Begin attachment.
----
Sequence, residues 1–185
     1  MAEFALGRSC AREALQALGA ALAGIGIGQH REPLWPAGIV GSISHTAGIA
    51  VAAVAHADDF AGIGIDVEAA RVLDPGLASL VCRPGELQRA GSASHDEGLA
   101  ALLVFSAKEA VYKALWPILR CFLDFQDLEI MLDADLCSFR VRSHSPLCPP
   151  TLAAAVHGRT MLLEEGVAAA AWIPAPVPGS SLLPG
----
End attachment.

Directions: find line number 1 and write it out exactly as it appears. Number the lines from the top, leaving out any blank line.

Sequence, residues 1–185